A group of external vaccine advisors from the Centers for Disease Control and Prevention voted unanimously on Saturday to recommend COVID-19 vaccines for children up to 6 months old, removing one of the last obstacles to expanding eligibility. to 20 million babies, toddlers and preschoolers.
Some of the long-awaited features could begin as early as this weekend, once the CDC’s director, Dr. Rochelle Walensky, approves the panel’s updated recommendations. Federal officials expect most vaccines to begin at doctor’s appointments after the holiday weekend.
About a third of parents say they plan to vaccinate their child in the age group, according to findings from the CDC poll released Saturday.
The votes of the CDC Immunization Practices Advisory Committee follow a two-day meeting to analyze data on the benefits and risks of vaccination in young children. A group of external advisers to the Food and Drug Administration had also voted unanimously on Wednesday in favor of the permit.
“Those who have confidence in the care of children can be confident in the safety and effectiveness of these vaccines against COVID-19 and can be sure that the agency was thorough in its evaluation of the data,” he said. said FDA Commissioner Dr. Robert Califf in a statement.
The FDA also moved on Friday to add the Moderna vaccine as an alternative to Pfizer injections in children ages 6 to 17, although the CDC said its advisers will not vote on updated recommendations for these injections until next week.
Distribution of the initial waves of fire
Shipments of Moderna’s vaccines have already begun, as well as those of Pfizer and its partner BioNTech, after the Food and Drug Administration issued the authorization on Friday. However, as with older age groups, government supply agreements require vaccinators to wait for the CDC to sign before administering vaccines to young children.
Federal officials say most jurisdictions except Florida had pre-order doses of the 10 million total shots available; 2.5 million orders were received for Pfizer shots and 1.3 million for Moderna shots.
Many of them will go to places selected by the authorities, such as county health departments, which can store and redistribute smaller portions of the 100-dose shipments. States, including Florida, have also begun to allow all registered vaccinators to apply for vaccinations directly through them.
Some pharmacies will also offer vaccinations, although authorities have been planning a release that will be heavily supported by pediatricians and GPs in the coming weeks. Pandemic liability protections that extend to vaccinators such as pharmacists only cover children up to the age of three.
The Biden administration’s Vaccines.gov website will also soon include a feature to look for sites that offer vaccinations specifically for younger children as more vaccinators start offering vaccinations. About half of doctors who vaccinate children plan to offer vaccinations even to children who are not their usual patients, a CDC survey found.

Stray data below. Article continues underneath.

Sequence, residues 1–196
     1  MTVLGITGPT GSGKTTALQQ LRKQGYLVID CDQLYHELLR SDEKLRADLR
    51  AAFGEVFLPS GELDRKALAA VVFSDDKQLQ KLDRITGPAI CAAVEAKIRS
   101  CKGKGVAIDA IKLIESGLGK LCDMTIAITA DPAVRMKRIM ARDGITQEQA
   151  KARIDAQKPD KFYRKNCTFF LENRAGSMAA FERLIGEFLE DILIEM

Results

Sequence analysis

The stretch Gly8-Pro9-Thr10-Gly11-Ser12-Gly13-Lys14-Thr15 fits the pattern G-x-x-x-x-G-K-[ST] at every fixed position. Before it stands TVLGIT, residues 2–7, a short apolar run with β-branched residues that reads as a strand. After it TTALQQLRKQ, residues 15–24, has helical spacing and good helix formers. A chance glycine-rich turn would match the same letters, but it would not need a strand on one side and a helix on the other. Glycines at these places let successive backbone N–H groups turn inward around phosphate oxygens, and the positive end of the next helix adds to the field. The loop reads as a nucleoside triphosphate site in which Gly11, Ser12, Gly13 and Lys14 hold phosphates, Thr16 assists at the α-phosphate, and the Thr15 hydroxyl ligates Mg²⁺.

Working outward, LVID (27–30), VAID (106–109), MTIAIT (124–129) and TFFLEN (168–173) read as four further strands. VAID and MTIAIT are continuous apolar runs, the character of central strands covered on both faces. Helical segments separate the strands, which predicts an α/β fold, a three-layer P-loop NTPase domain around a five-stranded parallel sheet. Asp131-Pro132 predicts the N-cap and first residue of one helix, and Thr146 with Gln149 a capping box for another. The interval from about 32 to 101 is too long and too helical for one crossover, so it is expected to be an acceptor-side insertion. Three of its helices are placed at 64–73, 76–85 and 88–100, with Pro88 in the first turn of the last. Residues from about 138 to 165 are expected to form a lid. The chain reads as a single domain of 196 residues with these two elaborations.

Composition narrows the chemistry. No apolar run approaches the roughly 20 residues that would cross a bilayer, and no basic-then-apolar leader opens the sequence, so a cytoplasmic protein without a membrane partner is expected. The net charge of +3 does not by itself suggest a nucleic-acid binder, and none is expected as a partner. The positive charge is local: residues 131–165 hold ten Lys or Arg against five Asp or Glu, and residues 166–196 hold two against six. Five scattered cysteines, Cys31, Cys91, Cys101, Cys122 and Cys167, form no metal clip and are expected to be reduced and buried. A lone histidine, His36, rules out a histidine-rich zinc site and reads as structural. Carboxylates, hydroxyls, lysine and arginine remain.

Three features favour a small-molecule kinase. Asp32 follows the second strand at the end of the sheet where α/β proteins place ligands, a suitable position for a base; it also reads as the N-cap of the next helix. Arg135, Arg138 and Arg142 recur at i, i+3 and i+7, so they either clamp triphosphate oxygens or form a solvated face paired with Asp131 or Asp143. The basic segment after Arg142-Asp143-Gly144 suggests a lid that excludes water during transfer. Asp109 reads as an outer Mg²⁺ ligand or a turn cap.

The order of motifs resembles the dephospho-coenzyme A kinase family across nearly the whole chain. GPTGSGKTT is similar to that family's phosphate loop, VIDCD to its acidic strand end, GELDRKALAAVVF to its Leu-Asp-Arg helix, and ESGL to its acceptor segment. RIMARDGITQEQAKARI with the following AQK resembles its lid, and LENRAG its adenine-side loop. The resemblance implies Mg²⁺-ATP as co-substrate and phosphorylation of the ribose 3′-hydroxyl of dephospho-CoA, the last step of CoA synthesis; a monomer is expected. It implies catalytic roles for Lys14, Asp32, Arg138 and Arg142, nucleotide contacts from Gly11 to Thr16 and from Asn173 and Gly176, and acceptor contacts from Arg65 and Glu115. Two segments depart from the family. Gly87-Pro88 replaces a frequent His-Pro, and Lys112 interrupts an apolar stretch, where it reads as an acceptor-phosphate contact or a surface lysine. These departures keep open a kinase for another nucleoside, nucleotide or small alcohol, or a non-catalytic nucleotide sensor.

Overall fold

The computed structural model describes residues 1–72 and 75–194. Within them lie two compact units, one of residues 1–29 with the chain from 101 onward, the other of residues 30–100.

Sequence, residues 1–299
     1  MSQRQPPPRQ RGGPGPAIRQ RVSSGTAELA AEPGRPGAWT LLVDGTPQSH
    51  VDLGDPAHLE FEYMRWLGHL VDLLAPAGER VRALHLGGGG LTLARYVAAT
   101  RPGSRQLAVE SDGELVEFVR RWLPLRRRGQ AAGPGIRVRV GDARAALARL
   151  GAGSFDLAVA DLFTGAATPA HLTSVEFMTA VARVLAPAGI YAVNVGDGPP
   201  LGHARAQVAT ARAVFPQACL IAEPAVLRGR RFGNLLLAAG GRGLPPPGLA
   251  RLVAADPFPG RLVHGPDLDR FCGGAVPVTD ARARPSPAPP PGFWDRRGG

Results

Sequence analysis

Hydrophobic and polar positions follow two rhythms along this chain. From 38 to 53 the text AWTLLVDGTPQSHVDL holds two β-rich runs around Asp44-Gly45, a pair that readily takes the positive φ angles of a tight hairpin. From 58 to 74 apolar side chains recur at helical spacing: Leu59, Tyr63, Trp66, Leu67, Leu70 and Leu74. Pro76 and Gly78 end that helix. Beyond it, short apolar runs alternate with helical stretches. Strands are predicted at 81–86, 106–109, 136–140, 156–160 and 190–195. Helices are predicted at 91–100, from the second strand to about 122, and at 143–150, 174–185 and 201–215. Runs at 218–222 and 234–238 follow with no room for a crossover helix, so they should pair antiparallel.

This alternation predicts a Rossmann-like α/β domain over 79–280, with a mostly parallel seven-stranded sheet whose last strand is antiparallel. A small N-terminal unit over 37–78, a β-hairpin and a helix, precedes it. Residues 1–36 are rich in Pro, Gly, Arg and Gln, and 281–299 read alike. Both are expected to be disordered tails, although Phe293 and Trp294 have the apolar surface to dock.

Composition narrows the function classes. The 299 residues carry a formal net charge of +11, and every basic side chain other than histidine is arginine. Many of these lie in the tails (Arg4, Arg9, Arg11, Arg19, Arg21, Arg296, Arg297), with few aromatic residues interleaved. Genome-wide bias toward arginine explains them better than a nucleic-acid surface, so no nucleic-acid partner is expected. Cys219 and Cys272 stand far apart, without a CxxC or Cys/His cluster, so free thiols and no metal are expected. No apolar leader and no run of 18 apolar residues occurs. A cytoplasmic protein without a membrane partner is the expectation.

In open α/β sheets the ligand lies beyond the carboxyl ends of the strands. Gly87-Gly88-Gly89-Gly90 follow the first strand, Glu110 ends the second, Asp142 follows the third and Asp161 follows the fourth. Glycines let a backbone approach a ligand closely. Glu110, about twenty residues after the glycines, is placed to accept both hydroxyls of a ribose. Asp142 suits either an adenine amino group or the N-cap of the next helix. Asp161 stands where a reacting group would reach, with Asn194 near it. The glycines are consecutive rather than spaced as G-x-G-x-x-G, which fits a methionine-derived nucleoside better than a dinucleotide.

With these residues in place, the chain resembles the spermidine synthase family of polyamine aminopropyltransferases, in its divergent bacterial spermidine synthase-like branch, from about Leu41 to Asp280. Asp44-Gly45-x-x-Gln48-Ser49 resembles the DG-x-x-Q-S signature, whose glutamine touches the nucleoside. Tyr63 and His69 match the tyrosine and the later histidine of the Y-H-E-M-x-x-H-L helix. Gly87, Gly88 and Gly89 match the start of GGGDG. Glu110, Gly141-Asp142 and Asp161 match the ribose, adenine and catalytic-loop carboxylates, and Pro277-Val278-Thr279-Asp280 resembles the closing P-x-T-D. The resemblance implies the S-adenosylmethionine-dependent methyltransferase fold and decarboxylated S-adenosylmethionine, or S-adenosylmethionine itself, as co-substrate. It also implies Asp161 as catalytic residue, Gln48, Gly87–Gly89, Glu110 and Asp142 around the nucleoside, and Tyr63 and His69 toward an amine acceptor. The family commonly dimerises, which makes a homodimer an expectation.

Initial wave suppliers have only commissioned one of the brands in some jurisdictions, although the Biden administration expects it to expand as supply increases nationwide during the next rounds of shipments.
Smaller doses for children and the differences between Moderna and Pfizer
Unlike the largely similar regimens of the first round of COVID-19 vaccinations that were available in adults, the manufacturers of the two mRNA vaccines have taken different approaches to immunizing young children.
In children aged 6 months to 5 years, the Moderna vaccine was tested with two separate injections a month. Their doses will be 25 micrograms, a fraction of the 100 microgram primary series released last year for adults.
The Pfizer and BioNTech vaccine will arrive in a total of three injections administered over 11 weeks, for children aged 6 months to 4 years. These doses are 3 micrograms in size, only one-tenth of the 30 microgram doses for those over 12 years of age.
At a briefing with reporters Friday, FDA’s top vaccine officer, Dr. Peter Marks, acknowledged the “nuanced benefits and risks compared to each other,” but urged parents to seek the first available vaccinations.
“Modern vaccine may provide a slightly faster immune response. On the other hand, the three-dose Pfizer regimen may also lead to a greater immune response after the third dose. And there are some subtle differences in the security profile “, he added. said Marks.
Based on the study of antibodies against the virus in the blood extracted from test participants, the FDA said that data from young children suggest that their immune response will be at least as good as that seen in adults later. of having received the first two injections.